Also, the pro-life movement has never been a monolith in its tactics or its emphases. Some groups have advocated against abortion in Biblical terms. Other pro-life activists have couched their opposition in legal terms, such as the right to privacy. The group Personhood Alliance has framed arguments by claiming life begins at fertilization and views “unborn human beings as persons deserving of equal protection and due process under the law.” Whether the concern is with heartbeat legislation or the concept of “personhood,” you can expect an ongoing effort to increase the inventory of restrictions against access to abortion. 

Finally, very few people understand that overturning Roe or dramatically curbing it is not the end of the story. Groups such as Americans United for Life have an inventory of pieces of legislation to cement a pro-life culture even in states with trigger laws. These include a Human Cloning Prohibition Act, an Abortion Inducing Information Act, a Pharmacist Freedom of Conscience Act, an Unborn Infant Dignity Act, and a Suicide by Physician Act. These are but a few examples of the efforts to increase the scope of limiting abortion even without Roe.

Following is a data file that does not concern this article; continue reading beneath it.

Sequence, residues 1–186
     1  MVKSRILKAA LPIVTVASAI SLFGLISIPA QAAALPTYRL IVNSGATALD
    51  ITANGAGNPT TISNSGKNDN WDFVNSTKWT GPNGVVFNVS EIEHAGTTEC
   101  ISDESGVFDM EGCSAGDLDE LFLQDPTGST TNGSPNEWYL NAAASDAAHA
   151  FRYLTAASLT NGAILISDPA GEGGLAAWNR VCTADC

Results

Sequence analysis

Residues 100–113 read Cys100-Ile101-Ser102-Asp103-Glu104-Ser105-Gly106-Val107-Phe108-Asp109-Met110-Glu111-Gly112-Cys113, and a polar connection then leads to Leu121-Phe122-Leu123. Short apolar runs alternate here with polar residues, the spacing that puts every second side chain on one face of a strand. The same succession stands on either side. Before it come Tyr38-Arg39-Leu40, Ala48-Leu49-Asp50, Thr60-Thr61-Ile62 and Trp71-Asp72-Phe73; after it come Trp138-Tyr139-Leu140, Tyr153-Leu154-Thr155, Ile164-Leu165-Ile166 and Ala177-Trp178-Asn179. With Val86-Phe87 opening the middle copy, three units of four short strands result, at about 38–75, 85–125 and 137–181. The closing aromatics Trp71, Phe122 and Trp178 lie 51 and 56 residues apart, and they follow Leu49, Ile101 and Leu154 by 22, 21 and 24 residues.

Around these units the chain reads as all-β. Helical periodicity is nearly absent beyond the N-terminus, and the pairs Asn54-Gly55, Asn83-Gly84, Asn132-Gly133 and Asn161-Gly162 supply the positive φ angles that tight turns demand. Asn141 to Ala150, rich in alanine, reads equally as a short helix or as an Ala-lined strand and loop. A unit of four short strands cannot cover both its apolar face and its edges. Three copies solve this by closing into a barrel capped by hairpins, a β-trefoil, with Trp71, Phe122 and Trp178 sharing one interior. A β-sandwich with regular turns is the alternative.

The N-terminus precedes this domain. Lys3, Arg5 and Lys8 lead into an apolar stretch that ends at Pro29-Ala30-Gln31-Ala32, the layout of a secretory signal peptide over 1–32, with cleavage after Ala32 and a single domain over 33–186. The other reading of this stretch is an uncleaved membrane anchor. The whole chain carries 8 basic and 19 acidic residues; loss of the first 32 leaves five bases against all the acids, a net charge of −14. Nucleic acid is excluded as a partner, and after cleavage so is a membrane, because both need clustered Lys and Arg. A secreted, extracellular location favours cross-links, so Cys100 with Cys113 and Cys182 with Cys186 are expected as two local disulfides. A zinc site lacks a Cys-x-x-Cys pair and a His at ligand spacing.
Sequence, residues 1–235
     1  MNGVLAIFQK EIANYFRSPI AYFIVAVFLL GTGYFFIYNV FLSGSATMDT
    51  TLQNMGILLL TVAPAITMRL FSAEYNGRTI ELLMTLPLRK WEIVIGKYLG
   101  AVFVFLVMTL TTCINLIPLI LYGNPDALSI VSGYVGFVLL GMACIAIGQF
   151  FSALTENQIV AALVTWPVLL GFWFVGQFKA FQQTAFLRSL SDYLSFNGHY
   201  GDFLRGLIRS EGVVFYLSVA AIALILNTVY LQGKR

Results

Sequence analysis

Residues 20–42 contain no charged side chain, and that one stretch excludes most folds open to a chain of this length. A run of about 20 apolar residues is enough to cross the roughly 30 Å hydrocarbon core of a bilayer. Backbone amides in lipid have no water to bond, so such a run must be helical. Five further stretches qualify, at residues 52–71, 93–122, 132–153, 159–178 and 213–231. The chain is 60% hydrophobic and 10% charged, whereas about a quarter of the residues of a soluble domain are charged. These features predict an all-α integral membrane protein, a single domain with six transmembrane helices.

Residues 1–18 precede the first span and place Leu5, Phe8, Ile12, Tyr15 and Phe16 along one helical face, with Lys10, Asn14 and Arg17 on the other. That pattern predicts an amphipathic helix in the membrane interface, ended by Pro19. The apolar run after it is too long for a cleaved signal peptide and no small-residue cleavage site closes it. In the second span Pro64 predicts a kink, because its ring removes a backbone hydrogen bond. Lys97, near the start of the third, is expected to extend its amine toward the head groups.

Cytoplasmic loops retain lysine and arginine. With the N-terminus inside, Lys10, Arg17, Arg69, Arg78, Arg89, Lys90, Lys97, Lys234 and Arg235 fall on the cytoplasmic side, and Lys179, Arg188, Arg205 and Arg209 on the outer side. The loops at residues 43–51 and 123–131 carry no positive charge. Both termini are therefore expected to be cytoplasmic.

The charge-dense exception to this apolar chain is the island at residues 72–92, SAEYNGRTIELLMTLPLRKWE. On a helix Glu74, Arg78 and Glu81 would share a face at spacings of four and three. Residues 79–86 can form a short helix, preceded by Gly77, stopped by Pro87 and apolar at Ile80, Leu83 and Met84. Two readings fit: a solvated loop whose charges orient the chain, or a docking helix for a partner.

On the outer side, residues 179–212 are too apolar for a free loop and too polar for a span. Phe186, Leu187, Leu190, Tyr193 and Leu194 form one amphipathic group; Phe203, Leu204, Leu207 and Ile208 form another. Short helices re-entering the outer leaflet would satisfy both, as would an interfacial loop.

When the draft opinion was leaked, it pushed the abortion debate back to the top of the political agenda, if only for a couple of weeks. What kind of effect will the official decision have on national politics?

I am unsure the current intensity of pro-choice activism can last until November. Indeed, the leaked Dobbs opinion catapulted access to abortion to the top of the national agenda, but the issue agenda is crowded right now. Gun violence is at the top or near the top of the issue agenda because of the focusing events of Uvalde and Buffalo, especially as these are placed in the long list of instances of mass shootings. However, we know all too well how the gun-control debate curdles into resignation and stagnation. Right now, inflation is on the agenda and that is unlikely to be displaced. 

What will North Carolina, with a Democrat governor presiding over a Republican-controlled legislature, look like after this decision?